When marking a golf ball it is important to take into consideration, the abuse the ball actually goes through.

Manufacturers use special types of ink that are designed to handle hundreds of longshots. But the ink used in most permanent markers does not last for more than a few holes. As a result, you will find yourself having to remark your ball several times throughout the day.

Likewise, it is important to remember that to be effective the line has to go through the center point of the ball.

Because of this, it is crucial to ensure that every time the ball is remarked, the lines are consistent with one another. After all, washing the ball with chemicals to remove any ink prior to remarking the ball would not be considered best practices.

Should Golf Ball Markings Be Illegal

There are those who argue that alignment markings on balls should be legal and therefore banned from professional golf.

However, great care must be made by the Association when changing any rules regarding the marking of a ball. After all, both rules 6-5 and 12-2 require that a player must mark their ball in a uniquely identifiable manner.

It could be argued, that all markings should be done at the start of the round. But this too would also create an issue because markings are often erased through regular use and when the ball is washed between holes. As a result, most golfers have to remark their balls throughout the day.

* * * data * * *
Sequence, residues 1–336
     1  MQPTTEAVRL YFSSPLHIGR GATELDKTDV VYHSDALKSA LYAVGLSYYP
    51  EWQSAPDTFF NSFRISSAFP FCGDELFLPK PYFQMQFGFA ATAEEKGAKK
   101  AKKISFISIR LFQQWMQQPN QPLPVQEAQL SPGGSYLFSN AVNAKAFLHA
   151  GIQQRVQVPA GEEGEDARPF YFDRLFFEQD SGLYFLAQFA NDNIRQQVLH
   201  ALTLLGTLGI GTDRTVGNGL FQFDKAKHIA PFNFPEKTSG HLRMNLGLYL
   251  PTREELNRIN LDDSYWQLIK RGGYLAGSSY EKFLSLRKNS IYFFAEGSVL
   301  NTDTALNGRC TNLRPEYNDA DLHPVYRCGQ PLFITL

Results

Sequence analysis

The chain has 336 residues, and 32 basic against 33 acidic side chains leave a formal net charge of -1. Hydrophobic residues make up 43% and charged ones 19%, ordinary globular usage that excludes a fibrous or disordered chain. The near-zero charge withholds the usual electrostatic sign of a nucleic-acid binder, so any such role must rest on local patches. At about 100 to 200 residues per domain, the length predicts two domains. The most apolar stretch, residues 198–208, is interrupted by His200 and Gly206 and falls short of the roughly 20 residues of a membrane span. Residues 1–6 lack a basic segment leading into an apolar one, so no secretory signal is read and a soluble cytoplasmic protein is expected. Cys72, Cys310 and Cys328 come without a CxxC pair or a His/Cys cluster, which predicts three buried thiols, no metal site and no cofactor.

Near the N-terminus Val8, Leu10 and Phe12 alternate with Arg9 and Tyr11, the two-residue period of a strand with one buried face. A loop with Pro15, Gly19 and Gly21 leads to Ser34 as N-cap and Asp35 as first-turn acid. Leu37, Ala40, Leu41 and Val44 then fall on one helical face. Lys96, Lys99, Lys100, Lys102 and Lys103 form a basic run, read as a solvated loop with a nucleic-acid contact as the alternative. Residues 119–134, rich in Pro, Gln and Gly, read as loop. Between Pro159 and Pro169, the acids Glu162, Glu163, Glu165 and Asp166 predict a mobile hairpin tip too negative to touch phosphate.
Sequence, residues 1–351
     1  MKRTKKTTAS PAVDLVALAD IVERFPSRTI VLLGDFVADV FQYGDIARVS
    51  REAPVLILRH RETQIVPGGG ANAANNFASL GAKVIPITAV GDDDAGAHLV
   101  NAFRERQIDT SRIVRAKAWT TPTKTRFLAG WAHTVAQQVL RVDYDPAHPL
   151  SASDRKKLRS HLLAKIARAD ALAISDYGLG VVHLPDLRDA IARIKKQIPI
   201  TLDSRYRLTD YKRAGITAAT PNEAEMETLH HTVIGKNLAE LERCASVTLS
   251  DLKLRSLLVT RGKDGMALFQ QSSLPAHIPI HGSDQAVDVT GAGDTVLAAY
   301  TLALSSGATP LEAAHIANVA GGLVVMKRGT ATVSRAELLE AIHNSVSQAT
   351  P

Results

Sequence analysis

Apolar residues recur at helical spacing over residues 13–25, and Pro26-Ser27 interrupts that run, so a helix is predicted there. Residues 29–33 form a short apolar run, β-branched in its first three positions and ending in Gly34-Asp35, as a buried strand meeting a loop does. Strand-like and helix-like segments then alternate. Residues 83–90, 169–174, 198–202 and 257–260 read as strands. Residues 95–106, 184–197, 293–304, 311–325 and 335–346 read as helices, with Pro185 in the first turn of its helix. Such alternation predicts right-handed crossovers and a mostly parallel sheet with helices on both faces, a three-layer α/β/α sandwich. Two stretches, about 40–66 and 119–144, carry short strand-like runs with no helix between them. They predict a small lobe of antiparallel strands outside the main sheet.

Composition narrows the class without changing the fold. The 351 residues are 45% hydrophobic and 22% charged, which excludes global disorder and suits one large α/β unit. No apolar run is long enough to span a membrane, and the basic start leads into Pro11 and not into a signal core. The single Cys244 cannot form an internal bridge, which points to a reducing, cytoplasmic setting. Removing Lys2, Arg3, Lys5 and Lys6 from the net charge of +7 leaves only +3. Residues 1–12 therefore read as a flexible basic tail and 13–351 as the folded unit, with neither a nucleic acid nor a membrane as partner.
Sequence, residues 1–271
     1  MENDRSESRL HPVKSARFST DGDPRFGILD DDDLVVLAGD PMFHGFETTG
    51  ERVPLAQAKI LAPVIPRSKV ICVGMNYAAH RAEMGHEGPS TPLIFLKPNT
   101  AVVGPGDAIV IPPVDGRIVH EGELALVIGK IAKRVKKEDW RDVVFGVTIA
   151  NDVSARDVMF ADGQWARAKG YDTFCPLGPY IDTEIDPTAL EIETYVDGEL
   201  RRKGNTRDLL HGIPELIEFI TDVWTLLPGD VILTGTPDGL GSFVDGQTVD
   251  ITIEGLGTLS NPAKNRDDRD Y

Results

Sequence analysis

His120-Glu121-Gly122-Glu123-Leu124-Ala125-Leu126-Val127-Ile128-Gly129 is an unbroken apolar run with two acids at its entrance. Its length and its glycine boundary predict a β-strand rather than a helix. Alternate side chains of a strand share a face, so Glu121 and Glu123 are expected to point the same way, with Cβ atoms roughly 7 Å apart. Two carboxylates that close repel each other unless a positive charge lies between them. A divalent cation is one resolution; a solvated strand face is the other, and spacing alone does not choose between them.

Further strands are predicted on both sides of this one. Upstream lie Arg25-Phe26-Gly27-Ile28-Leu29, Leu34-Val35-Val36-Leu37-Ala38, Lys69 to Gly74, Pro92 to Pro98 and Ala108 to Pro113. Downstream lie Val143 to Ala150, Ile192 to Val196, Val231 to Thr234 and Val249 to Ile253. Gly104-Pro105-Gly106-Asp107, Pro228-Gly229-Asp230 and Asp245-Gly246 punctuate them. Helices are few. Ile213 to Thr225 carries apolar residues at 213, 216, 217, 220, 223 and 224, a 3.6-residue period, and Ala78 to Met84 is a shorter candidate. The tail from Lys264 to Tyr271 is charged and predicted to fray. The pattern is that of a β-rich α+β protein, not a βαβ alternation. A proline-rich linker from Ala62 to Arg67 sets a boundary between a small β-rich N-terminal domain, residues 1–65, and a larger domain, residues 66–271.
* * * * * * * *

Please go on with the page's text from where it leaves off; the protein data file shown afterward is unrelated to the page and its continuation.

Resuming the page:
More importantly, rule 20-3a/2 has been adopted and specifically states that a player may in fact pick up his or her ball and place an alignment mark on it, while he or she is on the green.

This rule goes on to state that when placing the ball back on the green, the player may even turn the ball and adjust it so that it is aligned with the whole – or path in the event the green has a slope to it.

There are several caveats, however. It is important to remember, that you may only pick up your ball as long as there are no other balls and motion at the time as this may interfere or otherwise influence the motion of the other ball.

You must also remember to place a marker directly behind the ball in order to identify the exact location where the ball was picked up from. A failure of a player to follow these rules when lifting their ball may result in a one-stroke penalty.

Final Verdict

The decision to provide alignment marks on your golf ball is, for the most part, a personal one. There are those in the professional community who believe that these marks improve their short game, while others believe that it is a hindrance.

Moreover, most novice golfers will obtain negligible improvements as a result of using this technique. As with most things, the use of alignment markings does require regular practice in order to obtain the greatest benefits.